Friday, September 28, 2012

Curator Needed, Part III...

This brave Hoosier corporal is going to be one sad panda when he caps off the single shot in his floptop Springfield, since his cartridge belt is full of .30-40 Krag ammo instead of the .45-70 required by his rifle.

12 comments:

Yrro said...

Have you considered offering to at least fix their signs for them? Seems like it would be some good charity work for a good cause. It's possible they're clueless with good intentions and would take the help.

mustanger said...

Likely as not, though, they may count on the public not noticing.

Vaarok said...

I heard once the enemy ran out of their kind of ammo they could just use our bullets, but we couldn't use theirs!

Drang said...

Would a cannon-cocker have been armed with a rifle, or a carbine?

Anonymous said...

Has the New York Times taken over your local Museum?

Anonymous said...

You can't store an assault weapon and the proper ammunition where just any bitter clinger could lay hands to it.

TinCan Assassin said...

You'll take what the Army gives you dammit, and like it!

I swear, make them an NCO and they get all uppity.

Angus McThag said...

Clearly he's part of the .30-40 approval tests.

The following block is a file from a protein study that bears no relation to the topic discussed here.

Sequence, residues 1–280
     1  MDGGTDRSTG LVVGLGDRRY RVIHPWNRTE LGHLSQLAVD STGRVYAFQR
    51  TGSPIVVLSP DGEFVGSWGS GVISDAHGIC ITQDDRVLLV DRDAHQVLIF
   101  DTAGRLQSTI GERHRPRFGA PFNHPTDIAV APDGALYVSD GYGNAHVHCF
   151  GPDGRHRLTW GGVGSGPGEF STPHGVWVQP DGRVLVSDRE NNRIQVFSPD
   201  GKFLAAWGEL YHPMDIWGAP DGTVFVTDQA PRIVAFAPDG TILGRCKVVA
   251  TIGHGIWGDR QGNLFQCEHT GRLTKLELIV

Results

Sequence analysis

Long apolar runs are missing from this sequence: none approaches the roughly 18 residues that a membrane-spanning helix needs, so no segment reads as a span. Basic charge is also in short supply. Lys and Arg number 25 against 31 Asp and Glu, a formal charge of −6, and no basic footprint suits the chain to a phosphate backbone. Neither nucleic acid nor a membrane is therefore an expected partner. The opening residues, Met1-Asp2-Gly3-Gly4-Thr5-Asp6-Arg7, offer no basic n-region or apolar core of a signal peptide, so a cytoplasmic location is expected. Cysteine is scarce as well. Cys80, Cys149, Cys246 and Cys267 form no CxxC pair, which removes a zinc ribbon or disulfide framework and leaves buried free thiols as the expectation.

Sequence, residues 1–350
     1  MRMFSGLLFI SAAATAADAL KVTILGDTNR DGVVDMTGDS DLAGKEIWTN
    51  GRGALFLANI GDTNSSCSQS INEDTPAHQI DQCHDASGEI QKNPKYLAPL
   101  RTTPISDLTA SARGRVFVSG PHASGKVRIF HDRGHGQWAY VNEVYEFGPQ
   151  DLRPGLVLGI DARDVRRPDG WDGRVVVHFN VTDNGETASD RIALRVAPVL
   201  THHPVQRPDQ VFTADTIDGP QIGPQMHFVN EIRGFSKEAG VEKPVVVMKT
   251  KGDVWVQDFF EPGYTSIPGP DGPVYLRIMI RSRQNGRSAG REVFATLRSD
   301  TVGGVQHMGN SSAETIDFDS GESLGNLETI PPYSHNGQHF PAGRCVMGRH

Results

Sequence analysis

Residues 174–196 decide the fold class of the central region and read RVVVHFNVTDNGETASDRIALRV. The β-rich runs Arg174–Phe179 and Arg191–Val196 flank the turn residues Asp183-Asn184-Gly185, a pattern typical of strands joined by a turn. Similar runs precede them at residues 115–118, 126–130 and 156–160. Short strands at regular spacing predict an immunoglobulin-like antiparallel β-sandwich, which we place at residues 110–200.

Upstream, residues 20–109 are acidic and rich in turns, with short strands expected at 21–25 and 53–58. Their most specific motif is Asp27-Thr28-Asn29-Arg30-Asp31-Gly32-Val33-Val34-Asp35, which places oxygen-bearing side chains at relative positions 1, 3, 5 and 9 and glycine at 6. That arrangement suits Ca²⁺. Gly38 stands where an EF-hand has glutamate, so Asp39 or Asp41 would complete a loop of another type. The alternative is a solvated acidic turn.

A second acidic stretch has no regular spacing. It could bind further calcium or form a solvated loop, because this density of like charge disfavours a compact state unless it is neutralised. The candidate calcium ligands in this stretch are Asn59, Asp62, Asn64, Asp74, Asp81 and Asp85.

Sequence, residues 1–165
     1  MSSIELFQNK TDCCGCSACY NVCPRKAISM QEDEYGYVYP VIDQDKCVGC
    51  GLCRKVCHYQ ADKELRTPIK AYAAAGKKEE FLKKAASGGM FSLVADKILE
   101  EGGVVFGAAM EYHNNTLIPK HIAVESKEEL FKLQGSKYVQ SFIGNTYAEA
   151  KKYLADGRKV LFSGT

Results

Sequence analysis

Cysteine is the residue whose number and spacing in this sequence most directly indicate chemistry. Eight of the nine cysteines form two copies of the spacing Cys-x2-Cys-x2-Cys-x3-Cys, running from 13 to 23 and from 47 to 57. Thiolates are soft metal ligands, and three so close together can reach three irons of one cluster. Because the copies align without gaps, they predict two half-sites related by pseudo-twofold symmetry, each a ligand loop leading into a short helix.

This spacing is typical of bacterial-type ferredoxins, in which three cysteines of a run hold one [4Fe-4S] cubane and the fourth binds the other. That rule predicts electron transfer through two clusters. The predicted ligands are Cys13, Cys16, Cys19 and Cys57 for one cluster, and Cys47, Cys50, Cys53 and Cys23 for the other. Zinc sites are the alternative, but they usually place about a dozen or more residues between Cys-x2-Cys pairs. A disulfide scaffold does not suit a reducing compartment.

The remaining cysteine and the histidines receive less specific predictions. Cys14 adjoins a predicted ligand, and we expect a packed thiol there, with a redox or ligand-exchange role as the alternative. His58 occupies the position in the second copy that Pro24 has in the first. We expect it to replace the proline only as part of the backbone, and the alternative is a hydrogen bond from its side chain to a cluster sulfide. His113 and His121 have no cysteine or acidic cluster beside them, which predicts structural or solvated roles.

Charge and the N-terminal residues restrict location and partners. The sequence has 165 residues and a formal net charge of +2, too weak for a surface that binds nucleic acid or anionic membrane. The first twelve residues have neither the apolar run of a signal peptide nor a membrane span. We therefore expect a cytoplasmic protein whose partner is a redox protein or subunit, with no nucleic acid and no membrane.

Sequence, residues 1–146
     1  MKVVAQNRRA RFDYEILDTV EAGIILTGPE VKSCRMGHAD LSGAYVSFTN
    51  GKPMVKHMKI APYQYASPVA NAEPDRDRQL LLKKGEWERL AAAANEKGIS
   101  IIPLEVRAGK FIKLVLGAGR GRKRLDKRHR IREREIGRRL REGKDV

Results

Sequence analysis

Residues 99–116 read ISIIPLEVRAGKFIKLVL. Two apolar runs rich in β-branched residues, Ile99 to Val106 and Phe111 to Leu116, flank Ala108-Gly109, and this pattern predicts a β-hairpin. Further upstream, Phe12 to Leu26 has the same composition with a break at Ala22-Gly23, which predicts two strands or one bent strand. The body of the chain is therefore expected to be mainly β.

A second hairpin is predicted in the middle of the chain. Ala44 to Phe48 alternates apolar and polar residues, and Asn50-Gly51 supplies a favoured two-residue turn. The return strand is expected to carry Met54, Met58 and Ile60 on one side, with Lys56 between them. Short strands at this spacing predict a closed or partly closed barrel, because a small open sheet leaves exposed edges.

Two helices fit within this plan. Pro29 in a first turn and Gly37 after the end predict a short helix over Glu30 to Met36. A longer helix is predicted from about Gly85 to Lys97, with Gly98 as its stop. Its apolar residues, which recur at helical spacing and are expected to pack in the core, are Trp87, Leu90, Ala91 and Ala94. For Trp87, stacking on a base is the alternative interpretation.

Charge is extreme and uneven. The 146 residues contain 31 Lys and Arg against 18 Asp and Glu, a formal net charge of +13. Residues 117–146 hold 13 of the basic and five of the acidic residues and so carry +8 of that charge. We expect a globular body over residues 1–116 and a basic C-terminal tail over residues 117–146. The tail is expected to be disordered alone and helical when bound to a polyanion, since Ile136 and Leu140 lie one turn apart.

http://trapdoorcollector.com/cal30.html

Vaarok said...

If he was part of the trapdoor smokeless experiments, he has too many hands and fingers.

NotClauswitz said...

That belt, in good shape, is worth a few Franklins! If it was full of cartridges it would be worth even more.

Anonymous said...

This silliness is fairly endemic -
My estimation of the London Imperial War Museum took a hit with the oopsies I noted on a visit in the '70s: IIRC, they had a Pattern 14 Enfield IDed as an '03Springfield, an 1895 Winchester in musket trim called a doughboys weapon, and the Vietnam exhibit was
subtly comedic - an MAT49 called a
'US grease gun', M1 carbines were 'M-16s', and mannequins wearing bizarre combos of nylon and WWII canvas gear...
...I guess that's what makes us nerds...

Chas Clifton said...

A couple friends marched into a curator's office at the natural history museum in Atlanta once and did succeed in at least getting a fair hearing over some mislabeling.

Only it was a traveling exhibit about the Etruscans, so the buck might have been passed.